Flyers open road trip with ugly loss to Leafs

Flyers open road trip with ugly loss to Leafs

February 11, 2013, 9:45 pm
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The Flyers opened their six-game road trip with an ugly 5-2 loss to the Maple Leafs on Monday. (USA Today Images)

BOX SCORE

TORONTO – All it took to burst the Flyers’ bubble for a strong road trip start was 6 minutes, 15 seconds.

That critical, second period juncture Monday night at Air Canada Centre saw the Maple Leafs turn a tie game into an ugly 5-2 trouncing, as the Flyers' horrific road play continued.
 
“It’s not the chances, we had chances for sure,” said Flyer captain Claude Giroux of 46 shots.
 
“That six minutes in the second period killed us. That hurts. We were playing well. We have to learn from this and not back down.”
 
Three Leafs goals did the trick as Peter Laviolette’s club dropped to 1-6-0 on the road.
 
“There was room for simpler ideas at that point,” Laviolette said of the six-minute disaster where the Leafs had the Flyers pinned in their own end with mistakes.
 
“They’ve hurt us in the past and hurt is in the span of six minutes. It’s tough. The first one goes in, we shot ourselves in the foot, and then it unravels for five minutes.”
 
The six-game trip continues Tuesday night in Winnipeg.
 
“We gave them those turnovers,” Kimmo Timonen said of the middle stanza. “Sometimes you have to play a simple game and we didn’t do that.”
 
Timonen said the club’s road woes comes down to “individual preparation.”
 
“Doesn’t matter if you are home or away, you have to play consistent,” he said. “Once you come on the road you have to prepare yourself even more.
 
“There’s no fans behind you, no one cheering your name. That’s a learning process to me and it’s time to learn this right now.”

Starter Ilya Bryzgalov yielded four goals on just 14 shots before being replaced by Brian Boucher, who was hoping to make his first start against the Jets.
 
Bryz avoided the media by going out the rear door of the dressing room.
 
Not even a five-minute power play that same period could see the Flyers climb back; their continued lack of offense is alarming.
 
Oh yeah. James van Riemsdyk, in his first meeting against his former club, scored on a nice backhander against Boosh in the third period to really rub it in. How ironic that he moved right around Luke Schenn on the goal.
 
Usually, the Flyers give a pretty good effort. They needed a point in this one because there is no guarantee they’ll get one in The Peg, where they split the season series last year.
 
So, the seven points in four home games wasn’t a sign of what was to unfold here, after all.
 
“We need to find a way to be more consistent here and not have these highs and lows,” Nick Grossmann said. “We have to find ways to grind it out for 60 minutes.”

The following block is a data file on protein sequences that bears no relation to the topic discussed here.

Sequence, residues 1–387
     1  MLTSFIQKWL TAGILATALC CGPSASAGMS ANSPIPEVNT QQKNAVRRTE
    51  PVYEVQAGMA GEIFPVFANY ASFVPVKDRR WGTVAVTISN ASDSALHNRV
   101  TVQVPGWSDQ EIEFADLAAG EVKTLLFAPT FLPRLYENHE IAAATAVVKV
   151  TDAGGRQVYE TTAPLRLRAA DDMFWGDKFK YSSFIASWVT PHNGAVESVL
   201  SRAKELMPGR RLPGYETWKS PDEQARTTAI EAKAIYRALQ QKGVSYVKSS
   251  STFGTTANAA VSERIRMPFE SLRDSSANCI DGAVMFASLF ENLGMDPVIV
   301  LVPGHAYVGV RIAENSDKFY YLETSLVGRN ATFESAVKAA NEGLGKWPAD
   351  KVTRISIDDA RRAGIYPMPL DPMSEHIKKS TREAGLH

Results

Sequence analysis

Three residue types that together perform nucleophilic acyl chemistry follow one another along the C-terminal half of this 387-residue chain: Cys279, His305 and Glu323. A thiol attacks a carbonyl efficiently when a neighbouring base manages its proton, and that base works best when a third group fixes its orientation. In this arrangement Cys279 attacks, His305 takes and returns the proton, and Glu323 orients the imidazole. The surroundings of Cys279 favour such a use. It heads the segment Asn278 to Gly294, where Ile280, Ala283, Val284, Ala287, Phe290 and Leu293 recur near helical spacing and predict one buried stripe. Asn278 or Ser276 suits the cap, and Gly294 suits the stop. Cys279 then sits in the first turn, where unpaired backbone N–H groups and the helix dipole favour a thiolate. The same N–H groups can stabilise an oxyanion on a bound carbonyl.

Laviolette wanted a strong start and he got it from the opening shift when Wayne Simmonds picked up his third goal at 38 seconds, rebounding a point drive from Schenn.
 
“After that goal, they were the better team – they were hungrier and when that happens, you create turnovers like they did in the second period,” Timonen said.
 
Bryzgalov got a ton of help later in the period when Mikhail Grabovski’s drive ripped off the cross bar and right post in a split-second.
 
No matter, the Leafs tied at 14:49 on Dion Phaneuf’s first point on home ice this season. Bryzgalov never saw his shot from the left point because Nikolai Kulemin was blocking his vision.
 
As usual, the Flyers had a couple of bad penalties at the end, and survived a 36-second 5-on-3 kill. Ironically, they also had the best chance shorthanded there, when it was 5-on-4 off the initial holding call against Zac Rinaldo.
 
Giroux, who was visibly angry after the game, stole a puck in the corner and fed Matt Read down the slot for what should have been an easy marker against goalie James Reimer.
 
Except Read’s initial shot sailed wide. The rebound came back to him. This time, Reimer made a sprawling left pad save.
 
The Flyers came out very lame in the second period and paid a steep price as Toronto scored twice in 28 seconds to take a 3-1 lead.
 
Colton Orr outworked Grossmann in the crease for the first goal at 2:05, but the fault lies in Tommy Sestito throwing the puck behind the net when he could have cleared it down the wall.
 
Then Matt Frattin got a short-side tip to make it 3-1 at 2:33. Laviolette called his timeout less than a minute later to settle things down.
 
Shortly before the four-minute mark, Reimer went down on the ice injured and had to be helped off. He was replaced by Ben Scrivens.
 
That didn’t help the Flyers at all because they again failed to clear the zone under Leafs pressure at 6:15 and paid the price on Clarke MacArthur’s wide-open one-timer from Nazem Kadri that blew the game apart.
 
Laviolette then yanked Bryzgalov, saying he wanted “a different change of direction in the game.”
 
“It’s six minutes you’d like to have back and do over,” Laviolette said.
 
As bad as that was, the Flyers had a real chance to get back into the game when Korbinian Holzer was ejected with a five-minute major on Tye McGinn at 13:31.
 
The Flyers completely squandered the resulting five-minute power play with six shots. Scrivens made a glove save on Brayden Schenn – the only decent shot he faced.
 
Flyers general manager Paul Holmgren, speaking on Toronto radio after that period, said his team lacked confidence with the puck that entire power play sequence.
 
“That [power play] could have changed the tide,” Simmonds said. “We had chances. Pucks laying around. Guys diving everywhere.
 
“You have scrambles and sometimes you get the benefit of the bounces and sometimes you don’t.
 
“We've got to be better on the power play. We got a lot of chances here to get back in games and put games away and we’re not doing it.”

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